Less Aestethics, More Ethics
7th International Architecture Exhibition
Director: Massimiliano FUKSAS
18th June – 29th October 2000
Site: Arsenale and Giardini
Director appointed by President Paolo Baratta
With a Biennale centered on research, titled Less Aesthetics, More Ethics, Massimiliano Fuksas abandons the usual set up of the previous Biennali. The exhibition is no longer based on the idea of architecture as buildings, but develops a 360° perspective on contemporary city, especially the megalopolis of the 21st century. As the title itself points out, it is essential for Fuksas to find a new way to relate to architecture, favoring the research of new ethical responses, rather than simply aesthetics, when developing a project. From the 90’s onward, the largeness and the speed in urban transformations, especially in Latin America, Asian South-East and Africa, have determined, along with pollution and a huge development of dimensions, new social discontent and disparity. This is why Fuksas decided to “use the Biennale as a lab to analyze the new planetary dimension of urban behaviors and transformations”, highlighting three main themes: the Environment, both as an object and a subject for thinking; Society, which represents the attention to urban changes; Technology, as information, communication, virtual dimensions.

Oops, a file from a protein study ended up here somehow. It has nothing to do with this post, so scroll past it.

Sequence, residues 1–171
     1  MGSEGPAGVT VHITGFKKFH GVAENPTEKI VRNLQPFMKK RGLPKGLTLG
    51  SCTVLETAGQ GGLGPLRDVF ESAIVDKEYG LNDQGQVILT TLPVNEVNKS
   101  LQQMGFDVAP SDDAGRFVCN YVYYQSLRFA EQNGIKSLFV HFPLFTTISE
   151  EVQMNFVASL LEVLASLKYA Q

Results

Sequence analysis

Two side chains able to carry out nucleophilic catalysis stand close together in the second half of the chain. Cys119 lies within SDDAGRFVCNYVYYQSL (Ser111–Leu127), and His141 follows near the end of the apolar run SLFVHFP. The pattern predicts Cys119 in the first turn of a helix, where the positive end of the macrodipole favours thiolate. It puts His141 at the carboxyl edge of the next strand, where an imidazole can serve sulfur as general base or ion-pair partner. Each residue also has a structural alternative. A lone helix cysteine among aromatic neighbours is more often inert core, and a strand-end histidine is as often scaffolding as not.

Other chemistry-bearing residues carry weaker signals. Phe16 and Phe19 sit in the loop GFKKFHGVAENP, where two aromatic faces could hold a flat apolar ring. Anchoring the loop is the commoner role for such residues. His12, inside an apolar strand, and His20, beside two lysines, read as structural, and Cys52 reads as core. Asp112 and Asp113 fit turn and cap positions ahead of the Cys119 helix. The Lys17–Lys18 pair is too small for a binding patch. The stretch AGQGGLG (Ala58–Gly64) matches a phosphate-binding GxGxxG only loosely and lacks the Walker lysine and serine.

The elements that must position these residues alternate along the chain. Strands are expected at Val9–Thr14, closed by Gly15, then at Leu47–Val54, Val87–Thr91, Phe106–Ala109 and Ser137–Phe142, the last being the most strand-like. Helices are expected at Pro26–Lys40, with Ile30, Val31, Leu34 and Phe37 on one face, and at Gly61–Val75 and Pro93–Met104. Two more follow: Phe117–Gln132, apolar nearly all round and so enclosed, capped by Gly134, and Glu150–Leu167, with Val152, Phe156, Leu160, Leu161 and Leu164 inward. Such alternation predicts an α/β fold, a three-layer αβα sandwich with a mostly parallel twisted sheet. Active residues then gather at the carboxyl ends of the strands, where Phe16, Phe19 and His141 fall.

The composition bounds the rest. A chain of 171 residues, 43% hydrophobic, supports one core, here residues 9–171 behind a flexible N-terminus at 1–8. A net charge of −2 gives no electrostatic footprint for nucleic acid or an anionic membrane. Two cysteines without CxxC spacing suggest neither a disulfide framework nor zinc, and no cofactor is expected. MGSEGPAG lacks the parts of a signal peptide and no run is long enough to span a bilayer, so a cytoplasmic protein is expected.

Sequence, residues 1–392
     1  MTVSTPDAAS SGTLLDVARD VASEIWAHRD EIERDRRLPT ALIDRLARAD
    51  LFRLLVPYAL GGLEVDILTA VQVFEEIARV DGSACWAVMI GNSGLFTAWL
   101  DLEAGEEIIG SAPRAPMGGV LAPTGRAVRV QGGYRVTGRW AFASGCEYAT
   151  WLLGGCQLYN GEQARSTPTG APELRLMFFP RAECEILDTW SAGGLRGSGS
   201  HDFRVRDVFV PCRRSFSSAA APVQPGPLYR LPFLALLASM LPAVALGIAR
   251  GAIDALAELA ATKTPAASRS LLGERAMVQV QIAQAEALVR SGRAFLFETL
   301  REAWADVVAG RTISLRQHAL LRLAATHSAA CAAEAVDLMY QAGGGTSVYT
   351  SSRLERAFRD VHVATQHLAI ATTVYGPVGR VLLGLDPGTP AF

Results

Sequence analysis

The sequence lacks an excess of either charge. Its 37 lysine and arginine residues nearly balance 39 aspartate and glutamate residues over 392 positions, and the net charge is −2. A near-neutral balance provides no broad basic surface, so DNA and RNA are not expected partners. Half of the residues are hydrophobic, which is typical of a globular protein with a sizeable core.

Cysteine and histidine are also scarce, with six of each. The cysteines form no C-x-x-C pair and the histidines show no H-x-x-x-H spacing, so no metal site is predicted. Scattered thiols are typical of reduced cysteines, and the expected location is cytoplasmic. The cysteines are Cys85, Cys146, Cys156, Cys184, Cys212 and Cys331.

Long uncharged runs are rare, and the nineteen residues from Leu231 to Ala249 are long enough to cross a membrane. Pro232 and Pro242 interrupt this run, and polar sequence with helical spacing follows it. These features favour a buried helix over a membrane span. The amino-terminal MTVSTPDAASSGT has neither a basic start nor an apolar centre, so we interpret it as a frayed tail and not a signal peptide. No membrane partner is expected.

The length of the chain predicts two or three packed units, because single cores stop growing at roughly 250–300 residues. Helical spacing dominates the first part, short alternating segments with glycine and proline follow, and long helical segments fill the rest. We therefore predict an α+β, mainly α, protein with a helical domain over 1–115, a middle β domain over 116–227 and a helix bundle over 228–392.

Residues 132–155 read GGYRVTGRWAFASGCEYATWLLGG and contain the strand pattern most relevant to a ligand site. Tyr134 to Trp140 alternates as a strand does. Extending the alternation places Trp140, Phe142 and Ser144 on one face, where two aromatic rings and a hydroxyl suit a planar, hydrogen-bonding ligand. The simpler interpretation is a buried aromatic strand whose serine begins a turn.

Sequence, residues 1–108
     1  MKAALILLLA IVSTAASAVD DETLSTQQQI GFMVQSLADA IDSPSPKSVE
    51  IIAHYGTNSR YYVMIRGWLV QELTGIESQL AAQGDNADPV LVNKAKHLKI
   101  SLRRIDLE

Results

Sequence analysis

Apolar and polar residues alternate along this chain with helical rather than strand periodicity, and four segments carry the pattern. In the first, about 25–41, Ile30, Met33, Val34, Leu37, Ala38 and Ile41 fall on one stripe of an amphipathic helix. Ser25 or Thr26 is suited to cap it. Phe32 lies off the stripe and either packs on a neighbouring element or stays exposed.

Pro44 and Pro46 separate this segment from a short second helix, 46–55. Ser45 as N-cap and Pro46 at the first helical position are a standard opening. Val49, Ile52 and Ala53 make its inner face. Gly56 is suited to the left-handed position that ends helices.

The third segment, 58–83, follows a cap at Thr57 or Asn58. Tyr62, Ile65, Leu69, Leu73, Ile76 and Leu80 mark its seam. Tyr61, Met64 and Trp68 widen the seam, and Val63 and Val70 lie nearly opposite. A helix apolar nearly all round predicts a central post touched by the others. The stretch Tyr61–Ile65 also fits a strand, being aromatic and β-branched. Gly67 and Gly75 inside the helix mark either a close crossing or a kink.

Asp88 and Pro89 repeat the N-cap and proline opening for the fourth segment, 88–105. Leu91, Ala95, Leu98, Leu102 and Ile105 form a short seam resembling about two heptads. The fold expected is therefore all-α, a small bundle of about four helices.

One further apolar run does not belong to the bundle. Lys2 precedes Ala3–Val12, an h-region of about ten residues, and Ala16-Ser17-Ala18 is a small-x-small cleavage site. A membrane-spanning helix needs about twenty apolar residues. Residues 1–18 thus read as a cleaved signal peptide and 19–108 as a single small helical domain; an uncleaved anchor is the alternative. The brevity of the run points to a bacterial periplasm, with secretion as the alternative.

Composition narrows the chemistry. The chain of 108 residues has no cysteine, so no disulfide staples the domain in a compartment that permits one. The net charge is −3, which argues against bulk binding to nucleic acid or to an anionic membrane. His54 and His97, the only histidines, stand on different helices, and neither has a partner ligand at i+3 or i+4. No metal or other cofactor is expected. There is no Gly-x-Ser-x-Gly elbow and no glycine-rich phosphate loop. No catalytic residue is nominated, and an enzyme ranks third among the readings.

The Corderie, the Artiglierie, the empty spaces at the Arsenale up to the Vergini (recovered by the Biennale presided by Paolo Baratta in 1999, and used for Architecture for the first time) and the Padiglione Italia, hosted a selection of architects, artists and photographers that had investigated metropolitan changes in the last years. More specifically, the set up at the Corderie dell’Arsenale, revising the continuous perspective of the Strada Novissima in 1980, is a significant example of fusion between digital technology and the architectural debate. In the 300 meters of the Corderie, a mega screen would present twelve videos of contemporary megalopolis: Bogotà, Buenos Aires, Bucharest, Budapest, Mexico City, New Delhi, Paris, São Paulo, Quito, Cairo, Athens and Montréal. The megalopolis appears to be a sort of global magma, where cultural stereotypes, turistic and economic flows all live together along with urban decay situations, which are often ignored or understated. The spaces of the Padiglione Italia hosted the works of architects, artists and photographers that, through different practices and methods, have questioned the evolution of the metropolis, underlining the necessity o fan interdisciplinary approach to catch up with the challenges present times may hold.
Golden Lion for Lifetime Achievement: Renzo Piano, Paolo Soleri and Jørn Utzon.
Golden Lion for best interpretation of the exhibition: Jean Nouvel
Special prize for best National Participant: Padiglione Spagnolo
Special "Bruno Zevi" prize for best architecture professor: Joseph Rykwert
Special prize for best architectural works patron: Thomas Krens
Special prize for best architecture editor: Eduardo Luis Rodriguez, editor of Arquitectura Cuba
Special prize for best architecture photographer: Ilya Utkin